For UF/IFAS researchers, every day is Earth Day

Published: April 18 2014


GAINESVILLE, Fla. — University of Florida Institute of Food and Agricultural Sciences researchers are working to save endangered ecosystems and species, as well as educating the next generation of scientists.

As Earth Day approaches Tuesday, a few highlights of their work:  

Ray Carthy, a courtesy assistant professor in wildlife ecology and conservation, studies the ecology and physiology of marine turtles, which face many threats in the water and on nesting beaches. Those threats include habitat loss and degradation due to climate change and severe weather, predators, dangers from boats and fishing nets, pollution, coastal development and beach renourishment. Ray Carthy, 352-846-0545,

Emilio Bruna, a professor of wildlife ecology and conservation and Latin American studies and director of the Florida-Brazil Linkage Institute, works to conserve tropical biodiversity and train emerging global leaders in conservation science.  His research is conducted in two of the world’s most endangered ecosystems: the Amazon’s rain forests and the Brazilian savannas known as The Cerrado.  He studies how human activities like deforestation influence seed dispersal, pollination and other plant-animal interactions.  Emilio Bruna, 352-846-0634,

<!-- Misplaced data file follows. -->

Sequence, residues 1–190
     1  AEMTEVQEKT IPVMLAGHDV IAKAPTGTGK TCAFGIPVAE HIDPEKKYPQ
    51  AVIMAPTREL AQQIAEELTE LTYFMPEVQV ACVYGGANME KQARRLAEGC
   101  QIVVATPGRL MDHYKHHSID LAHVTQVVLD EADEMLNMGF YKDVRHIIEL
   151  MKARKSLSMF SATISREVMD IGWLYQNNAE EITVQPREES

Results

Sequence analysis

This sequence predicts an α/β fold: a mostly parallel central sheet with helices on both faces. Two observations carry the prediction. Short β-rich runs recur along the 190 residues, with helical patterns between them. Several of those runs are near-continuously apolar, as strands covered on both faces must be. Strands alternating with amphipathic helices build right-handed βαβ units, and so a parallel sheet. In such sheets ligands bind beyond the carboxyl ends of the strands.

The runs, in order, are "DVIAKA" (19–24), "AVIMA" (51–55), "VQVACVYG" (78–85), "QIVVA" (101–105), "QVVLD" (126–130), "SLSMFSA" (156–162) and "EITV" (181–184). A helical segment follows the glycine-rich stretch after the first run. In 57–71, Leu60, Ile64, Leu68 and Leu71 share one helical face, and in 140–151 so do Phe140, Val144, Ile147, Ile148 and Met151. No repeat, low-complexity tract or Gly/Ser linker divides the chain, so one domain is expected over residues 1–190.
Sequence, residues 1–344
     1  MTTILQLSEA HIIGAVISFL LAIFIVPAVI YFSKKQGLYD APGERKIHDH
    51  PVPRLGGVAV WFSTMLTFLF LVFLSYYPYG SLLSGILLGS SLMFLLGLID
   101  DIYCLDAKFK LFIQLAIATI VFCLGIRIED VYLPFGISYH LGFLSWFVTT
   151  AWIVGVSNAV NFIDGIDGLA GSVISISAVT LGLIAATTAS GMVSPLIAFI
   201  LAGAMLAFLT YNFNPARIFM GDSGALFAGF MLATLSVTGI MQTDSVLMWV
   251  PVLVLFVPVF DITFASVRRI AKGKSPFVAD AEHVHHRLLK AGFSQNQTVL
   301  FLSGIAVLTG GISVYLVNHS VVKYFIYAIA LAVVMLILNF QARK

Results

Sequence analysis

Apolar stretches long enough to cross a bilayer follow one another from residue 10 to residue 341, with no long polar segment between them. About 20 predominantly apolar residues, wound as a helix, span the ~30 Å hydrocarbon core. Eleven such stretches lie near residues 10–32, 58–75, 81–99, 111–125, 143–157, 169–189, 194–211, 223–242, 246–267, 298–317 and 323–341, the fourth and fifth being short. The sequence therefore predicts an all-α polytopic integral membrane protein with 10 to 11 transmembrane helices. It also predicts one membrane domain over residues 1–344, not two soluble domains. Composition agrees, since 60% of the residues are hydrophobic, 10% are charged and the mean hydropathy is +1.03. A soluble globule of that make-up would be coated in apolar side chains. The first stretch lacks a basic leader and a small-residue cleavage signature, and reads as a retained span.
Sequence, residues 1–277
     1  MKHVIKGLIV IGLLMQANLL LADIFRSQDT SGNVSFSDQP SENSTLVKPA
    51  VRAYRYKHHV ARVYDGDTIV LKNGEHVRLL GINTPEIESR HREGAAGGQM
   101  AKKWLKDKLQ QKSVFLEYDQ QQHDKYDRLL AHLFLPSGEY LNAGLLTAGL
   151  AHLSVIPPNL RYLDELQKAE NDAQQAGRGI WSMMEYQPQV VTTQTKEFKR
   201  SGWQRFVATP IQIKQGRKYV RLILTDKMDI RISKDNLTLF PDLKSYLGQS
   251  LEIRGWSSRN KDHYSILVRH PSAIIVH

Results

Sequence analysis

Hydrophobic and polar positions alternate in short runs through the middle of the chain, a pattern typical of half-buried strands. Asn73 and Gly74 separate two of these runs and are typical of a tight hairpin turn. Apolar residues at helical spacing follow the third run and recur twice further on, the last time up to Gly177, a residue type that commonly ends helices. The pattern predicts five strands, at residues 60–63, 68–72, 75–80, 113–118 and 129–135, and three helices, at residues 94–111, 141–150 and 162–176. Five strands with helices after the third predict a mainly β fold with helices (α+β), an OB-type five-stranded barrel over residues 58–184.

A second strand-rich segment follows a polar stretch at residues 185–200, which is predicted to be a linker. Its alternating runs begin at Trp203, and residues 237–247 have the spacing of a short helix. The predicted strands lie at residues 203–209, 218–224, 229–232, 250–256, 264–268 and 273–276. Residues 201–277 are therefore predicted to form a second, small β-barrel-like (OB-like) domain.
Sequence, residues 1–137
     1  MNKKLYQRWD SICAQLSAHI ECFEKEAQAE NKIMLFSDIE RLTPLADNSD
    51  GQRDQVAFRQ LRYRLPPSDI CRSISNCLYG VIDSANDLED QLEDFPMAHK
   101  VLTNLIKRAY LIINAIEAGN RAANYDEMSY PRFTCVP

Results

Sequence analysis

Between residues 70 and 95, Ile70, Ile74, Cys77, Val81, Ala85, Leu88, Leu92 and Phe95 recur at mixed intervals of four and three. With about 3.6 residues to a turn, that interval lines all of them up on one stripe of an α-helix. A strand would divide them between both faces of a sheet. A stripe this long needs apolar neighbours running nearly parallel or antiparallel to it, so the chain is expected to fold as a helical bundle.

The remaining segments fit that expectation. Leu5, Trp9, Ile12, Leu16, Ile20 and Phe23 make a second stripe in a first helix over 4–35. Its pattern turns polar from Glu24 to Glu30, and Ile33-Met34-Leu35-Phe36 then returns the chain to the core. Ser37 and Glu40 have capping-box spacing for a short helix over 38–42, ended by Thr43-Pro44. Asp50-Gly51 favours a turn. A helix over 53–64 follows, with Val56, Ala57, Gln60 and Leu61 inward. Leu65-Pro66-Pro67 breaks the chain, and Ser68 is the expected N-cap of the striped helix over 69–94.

Charles Sidman, associate director for research with Florida Sea Grant, is part of a team of scientists taking an international approach to sustaining the state’s recreational fisheries. Because fish can swim to any region without a passport, it’s no surprise that fisheries managers in the Gulf of Mexico and other regions must collaborate. Florida Sea Grant, working with the Royal Caribbean Cruise Lines Ocean Fund and the Dominica Fisheries Division, next month will begin testing artificial lures as an alternative to harvesting live bait, in hopes of increasing local seafood availability and profitability.  Charles Sidman, 352-392-5870,

Dana Bigham, a postdoctoral associate in the College of Agricultural and Life Sciences, is faculty adviser for the Science, Technology, Engineering, Arts, and Mathematics Academy (S.T.E.A.M.) club, whose mission is to bring compassionate change to the world by bridging sciences and the arts. They’ll host a Water Challenge from 11 a.m. to 5 p.m. on the UF campus April 22. Volunteers can make paper jewelry beads on the Plaza of the Americas for “Students Rebuild,” an organization that will provide clean water to more than 16, 000 people in Tanzania based on the number of beads received. Dana Bigham, 352-273-3653,


Kimberly Moore Wilmoth,